Json web token to authenticate access to a GraphQL server

You may want to ensure that some users are properly logged in when accessing your GraphQL server. JsonWebToken can help with this.

GraphQL access protection

One of the easiest way to authenticate a user when accessing the GraphQL server is to use a JsonWebToken token and pass it to your GraphQL requests.

This token will be used by your backend to identify the user doing the request. You can also associate an expiration date to that token to automatically force a new login after a given amount of time.

Json Web token generation

There is a node module to generate the Json Web Token : node-jsonwebtoken.

You will need a secret to be used by this module.

You can create a constant.js file to store this secret:

export default {
  jwtSecret: '4A40333B-EC26-4E18-A976-9B030C23A484',
};

and you can have access to this secret using:

import {jwtSecret} from './constant';

You can generate the token when the user is logged in and associate a payload to this token.

import jwt from 'jsonwebtoken';

const token = jwt.sign({
  id: user.id,
  name: user.name,
  email: user.email
}, jwtSecret);

And then return this token in a GraphQL response:

{
  "data": {
    "login": {
      "email": "pcarion@hotmail.com",
      "isLoggedIn": true,
      "jwt": "eyJ0eXAiOiJKV1QCJiOiJIUz.../...8iCJ5LxooBz3Uh8MByBsdMI"
    }
  }
}

Once the client retrieves this payload, the token has to be persisted. The browser’s localstorage can be used for that:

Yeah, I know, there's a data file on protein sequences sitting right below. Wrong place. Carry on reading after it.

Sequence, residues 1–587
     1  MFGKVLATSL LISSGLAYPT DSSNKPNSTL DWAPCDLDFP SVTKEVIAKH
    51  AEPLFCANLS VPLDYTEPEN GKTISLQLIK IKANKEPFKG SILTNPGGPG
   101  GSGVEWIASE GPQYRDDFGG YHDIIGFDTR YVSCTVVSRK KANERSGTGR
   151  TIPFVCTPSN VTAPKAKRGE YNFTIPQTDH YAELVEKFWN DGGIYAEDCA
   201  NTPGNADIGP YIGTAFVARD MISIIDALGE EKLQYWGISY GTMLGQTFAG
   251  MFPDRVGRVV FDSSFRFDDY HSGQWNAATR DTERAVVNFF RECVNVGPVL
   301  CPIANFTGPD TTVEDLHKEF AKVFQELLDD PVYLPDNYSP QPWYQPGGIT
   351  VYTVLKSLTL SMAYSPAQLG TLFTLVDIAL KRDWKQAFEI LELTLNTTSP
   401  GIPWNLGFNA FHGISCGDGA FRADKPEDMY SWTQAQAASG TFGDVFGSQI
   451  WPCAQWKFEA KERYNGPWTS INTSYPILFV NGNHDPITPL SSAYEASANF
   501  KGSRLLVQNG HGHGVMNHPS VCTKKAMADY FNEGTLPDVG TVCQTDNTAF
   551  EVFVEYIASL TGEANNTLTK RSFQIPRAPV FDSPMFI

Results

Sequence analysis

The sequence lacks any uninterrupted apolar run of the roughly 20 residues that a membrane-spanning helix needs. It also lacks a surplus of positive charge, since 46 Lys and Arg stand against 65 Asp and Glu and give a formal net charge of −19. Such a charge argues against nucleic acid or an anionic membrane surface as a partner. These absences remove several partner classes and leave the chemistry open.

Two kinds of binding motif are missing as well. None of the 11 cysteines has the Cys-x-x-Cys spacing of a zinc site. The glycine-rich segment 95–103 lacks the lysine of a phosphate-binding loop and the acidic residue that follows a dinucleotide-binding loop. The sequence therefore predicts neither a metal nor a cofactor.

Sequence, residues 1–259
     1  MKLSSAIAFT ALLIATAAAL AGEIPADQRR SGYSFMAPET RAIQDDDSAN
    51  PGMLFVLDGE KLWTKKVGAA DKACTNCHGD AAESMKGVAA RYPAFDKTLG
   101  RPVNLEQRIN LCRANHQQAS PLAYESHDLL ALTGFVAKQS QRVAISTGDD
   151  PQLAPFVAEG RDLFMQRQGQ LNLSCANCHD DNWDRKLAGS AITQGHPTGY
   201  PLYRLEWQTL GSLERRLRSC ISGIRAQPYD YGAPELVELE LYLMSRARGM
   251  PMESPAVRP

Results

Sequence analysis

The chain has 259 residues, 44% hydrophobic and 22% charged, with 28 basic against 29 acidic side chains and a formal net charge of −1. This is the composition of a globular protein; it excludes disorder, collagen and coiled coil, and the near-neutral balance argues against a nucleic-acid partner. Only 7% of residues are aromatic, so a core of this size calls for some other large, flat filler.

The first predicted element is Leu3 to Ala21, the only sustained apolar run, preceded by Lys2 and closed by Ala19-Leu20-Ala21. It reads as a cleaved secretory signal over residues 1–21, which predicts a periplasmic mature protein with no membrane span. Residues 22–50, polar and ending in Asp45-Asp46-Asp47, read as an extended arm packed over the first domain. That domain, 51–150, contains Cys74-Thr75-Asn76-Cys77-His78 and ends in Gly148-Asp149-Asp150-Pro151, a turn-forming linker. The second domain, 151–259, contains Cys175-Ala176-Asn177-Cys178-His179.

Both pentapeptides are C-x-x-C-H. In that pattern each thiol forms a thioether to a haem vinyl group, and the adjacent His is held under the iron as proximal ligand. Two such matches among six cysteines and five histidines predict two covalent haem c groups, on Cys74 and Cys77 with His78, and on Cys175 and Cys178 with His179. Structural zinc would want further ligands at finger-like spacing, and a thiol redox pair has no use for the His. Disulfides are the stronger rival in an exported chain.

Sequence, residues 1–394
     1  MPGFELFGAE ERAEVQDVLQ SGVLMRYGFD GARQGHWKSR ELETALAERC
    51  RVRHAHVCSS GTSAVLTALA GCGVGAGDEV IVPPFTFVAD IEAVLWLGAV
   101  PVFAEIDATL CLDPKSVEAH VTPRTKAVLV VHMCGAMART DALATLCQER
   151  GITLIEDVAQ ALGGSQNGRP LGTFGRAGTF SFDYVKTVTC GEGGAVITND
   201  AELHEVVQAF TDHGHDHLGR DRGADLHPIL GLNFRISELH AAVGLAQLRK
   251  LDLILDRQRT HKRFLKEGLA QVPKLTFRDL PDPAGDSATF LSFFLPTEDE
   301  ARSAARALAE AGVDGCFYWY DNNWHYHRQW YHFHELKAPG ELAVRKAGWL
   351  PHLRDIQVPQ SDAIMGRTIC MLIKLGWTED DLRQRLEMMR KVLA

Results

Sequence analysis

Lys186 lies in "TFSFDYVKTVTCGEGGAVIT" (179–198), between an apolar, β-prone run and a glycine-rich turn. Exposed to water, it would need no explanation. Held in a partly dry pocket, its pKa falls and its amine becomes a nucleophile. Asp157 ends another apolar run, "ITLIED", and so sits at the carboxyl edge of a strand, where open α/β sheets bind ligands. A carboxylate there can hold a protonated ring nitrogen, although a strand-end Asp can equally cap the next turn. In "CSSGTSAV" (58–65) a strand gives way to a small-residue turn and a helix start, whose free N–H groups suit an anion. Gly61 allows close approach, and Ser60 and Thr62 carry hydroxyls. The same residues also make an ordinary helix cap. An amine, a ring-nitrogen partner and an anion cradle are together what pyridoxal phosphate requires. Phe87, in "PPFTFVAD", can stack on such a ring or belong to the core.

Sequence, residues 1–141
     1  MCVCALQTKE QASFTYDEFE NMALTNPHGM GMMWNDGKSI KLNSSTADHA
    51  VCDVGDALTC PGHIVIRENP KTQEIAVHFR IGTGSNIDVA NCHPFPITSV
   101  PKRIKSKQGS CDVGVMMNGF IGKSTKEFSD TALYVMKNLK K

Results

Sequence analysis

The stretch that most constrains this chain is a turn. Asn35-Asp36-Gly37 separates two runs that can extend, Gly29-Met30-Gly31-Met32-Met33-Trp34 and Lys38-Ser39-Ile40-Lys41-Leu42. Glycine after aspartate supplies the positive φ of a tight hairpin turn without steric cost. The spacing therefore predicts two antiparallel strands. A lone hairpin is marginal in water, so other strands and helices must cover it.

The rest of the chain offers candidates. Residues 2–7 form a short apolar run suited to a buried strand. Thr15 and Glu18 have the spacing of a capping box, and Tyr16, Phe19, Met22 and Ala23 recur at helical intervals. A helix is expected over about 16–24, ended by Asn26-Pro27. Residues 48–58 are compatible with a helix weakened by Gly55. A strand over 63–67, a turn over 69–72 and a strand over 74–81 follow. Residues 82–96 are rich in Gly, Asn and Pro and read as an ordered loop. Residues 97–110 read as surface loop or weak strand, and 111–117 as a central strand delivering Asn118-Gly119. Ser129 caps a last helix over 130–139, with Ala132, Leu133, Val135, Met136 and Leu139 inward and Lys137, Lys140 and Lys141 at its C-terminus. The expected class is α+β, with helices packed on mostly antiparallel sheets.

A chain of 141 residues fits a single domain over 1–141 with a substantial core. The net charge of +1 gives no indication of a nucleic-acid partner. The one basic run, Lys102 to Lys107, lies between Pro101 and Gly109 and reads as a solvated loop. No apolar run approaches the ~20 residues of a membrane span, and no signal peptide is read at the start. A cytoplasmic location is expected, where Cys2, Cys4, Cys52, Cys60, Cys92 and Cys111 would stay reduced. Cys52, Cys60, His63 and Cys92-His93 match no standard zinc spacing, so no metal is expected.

localStorage.setItem('jwt_token', token);

The localstorage may not be the safest way to store your token. But that’s still the easiest way to start.

Inject token in HTTP requests

Once you have the token, you can use Relay.injectNetworkLayer to inject this value in the HTTP header.

var token = localStorage.getItem('jwt_token');

Relay.injectNetworkLayer(
  new Relay.DefaultNetworkLayer('http://localhost:8080/graphql', {
    headers: {
      Authorization: 'Bearer ' + token
    }
  })
);

Process JSon Web Token on the server side

On your backend, you may want to use the express-jwt middleware to process this token on each request:

import {jwtSecret} from './constant';
import jwt from 'express-jwt';

app.use(jwt({
  secret: jwtSecret,
  credentialsRequired: false,
  userProperty: 'user',
}));

The credentialsRequired is here set to false so that the request won’t fail if the token is not there: this may be useful if there are some requests which may not need to be protected.

If that’s the case it is up to the application layer to check the value of request.user to check if the user is logged in or not.